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JOHN C. KRIVIJANSKI v. UNION RAILROAD COMPANY (09/26/86)

filed: September 26, 1986.

JOHN C. KRIVIJANSKI, ADMINISTRATOR OF THE ESTATE OF MICHAEL E. KRIVIJANSKI, DECEASED, APPELLANT
v.
UNION RAILROAD COMPANY, A CORPORATION. EDWARD H. NASSAN, ADMINISTRATOR OF THE ESTATE OF JEFFREY A. NASSAN, DECEASED, APPELLANT V. UNION RAILROAD COMPANY, A CORPORATION. JOHN C. KRIVIJANSKI, ADMINISTRATOR OF THE ESTATE OF MICHAEL E. KRIVIJANSKI, DECEASED V. UNION RAILROAD COMPANY, A CORPORATION, APPELLANT. EDWARD H. NASSAN, ADMINISTRATOR OF THE ESTATE OF JEFFREY A. NASSAN, DECEASED, V. UNION RAILROAD COMPANY, A CORPORATION, APPELLANT



Appeal from the Judgment in the Court of Common Pleas of Allegheny County, Civil Division, No. GD 81-04152, GD 81-04154, GD No. 81-004152, GD No. 81-04154

COUNSEL

Robin S. Wertkin, Pittsburgh, for appellants in Nos. 989 and 990 and appellees in Nos. 996 and 997.

Gerald C. Paris, Pittsburgh, for appellants in Nos. 996 and 997 and appellees in Nos. 989 and 990.

Tamilia, Kelly and Montgomery, JJ. Montgomery, Judge, dissenting.

Author: Tamilia

[ 357 Pa. Super. Page 198]

These appeals and cross appeals involve two actions which were consolidated for trial. The executors for the respective estates of Michael Krivijanski and Jeffrey Nassan sought damages from the Union Railroad Company under the Pennsylvania Wrongful Death and Survival Acts. (42 Pa.C.S.A. §§ 8301, 8302)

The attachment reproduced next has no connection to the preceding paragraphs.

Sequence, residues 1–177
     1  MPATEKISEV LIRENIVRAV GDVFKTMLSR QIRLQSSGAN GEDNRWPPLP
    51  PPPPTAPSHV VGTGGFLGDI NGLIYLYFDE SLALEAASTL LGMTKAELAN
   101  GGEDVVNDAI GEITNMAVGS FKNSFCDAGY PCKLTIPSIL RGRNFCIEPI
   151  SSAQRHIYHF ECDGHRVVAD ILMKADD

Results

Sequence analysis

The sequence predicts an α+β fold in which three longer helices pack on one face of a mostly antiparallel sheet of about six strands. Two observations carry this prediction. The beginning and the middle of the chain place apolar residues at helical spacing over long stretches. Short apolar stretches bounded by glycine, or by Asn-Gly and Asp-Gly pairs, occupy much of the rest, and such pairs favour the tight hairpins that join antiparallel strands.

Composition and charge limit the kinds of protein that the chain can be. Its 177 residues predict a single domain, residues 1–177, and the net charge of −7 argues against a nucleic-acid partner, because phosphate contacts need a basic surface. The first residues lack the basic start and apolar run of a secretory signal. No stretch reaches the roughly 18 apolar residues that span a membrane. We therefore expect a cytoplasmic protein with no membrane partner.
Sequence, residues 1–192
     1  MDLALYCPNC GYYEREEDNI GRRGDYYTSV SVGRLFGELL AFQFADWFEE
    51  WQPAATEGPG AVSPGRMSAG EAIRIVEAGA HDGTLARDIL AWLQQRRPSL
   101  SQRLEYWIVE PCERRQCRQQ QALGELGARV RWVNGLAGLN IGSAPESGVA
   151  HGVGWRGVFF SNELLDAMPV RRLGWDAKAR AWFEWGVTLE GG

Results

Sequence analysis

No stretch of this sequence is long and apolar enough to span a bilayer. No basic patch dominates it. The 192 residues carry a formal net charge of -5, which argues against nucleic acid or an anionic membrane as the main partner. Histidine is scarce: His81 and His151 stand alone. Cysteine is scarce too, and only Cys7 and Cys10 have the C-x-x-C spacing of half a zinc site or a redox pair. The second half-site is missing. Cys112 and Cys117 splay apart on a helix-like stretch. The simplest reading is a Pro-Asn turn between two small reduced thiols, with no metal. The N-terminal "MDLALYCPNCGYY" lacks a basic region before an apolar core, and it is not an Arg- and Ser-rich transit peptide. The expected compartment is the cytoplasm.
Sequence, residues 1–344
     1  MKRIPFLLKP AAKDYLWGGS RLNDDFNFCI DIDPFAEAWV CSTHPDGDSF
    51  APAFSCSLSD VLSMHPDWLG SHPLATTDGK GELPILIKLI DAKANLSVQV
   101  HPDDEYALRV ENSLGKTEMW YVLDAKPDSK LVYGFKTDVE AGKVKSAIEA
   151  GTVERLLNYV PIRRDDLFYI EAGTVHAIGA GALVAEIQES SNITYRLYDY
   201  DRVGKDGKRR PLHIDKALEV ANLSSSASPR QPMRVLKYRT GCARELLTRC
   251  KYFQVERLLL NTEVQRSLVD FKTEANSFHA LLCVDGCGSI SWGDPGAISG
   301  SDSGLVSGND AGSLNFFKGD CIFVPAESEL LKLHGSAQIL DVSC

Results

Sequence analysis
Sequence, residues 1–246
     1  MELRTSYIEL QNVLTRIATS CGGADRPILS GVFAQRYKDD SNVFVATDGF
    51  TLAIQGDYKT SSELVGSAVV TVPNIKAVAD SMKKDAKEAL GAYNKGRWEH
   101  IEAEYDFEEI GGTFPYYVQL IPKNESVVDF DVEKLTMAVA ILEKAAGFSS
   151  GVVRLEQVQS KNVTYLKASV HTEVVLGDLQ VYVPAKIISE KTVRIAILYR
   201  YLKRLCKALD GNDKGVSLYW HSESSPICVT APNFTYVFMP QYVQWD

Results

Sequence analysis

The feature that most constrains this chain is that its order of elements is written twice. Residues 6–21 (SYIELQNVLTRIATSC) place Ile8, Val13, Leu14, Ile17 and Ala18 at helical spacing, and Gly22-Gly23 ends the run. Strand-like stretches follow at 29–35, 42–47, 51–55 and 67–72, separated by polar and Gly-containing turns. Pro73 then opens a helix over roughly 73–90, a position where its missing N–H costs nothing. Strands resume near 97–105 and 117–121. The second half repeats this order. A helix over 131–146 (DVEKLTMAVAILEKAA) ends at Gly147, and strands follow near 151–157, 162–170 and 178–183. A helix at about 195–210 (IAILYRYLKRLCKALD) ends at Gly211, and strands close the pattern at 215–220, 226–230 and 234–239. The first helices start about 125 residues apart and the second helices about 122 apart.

The decedents were involved in a fatal accident while riding motorcycles on a private unpaved road owned by the Union Railroad Company. There were no witnesses to the incident and the cause was disputed at trial. The plaintiffs contended the decedents collided with an unmarked wire cable which the railroad maintained across the road. The railroad disputed this theory and offered alternative explanations for the accident.

Special interrogatories were separately answered by the jury concerning each plaintiff. The responses were indicative of a jury determination that the actions of the railroad constituted willful or wanton misconduct and those of each decedent negligence.

In both instances the jury attributed 60 per cent of the accident to the railroad's conduct and 40 per cent to the decedent with the total damages to the estate and parents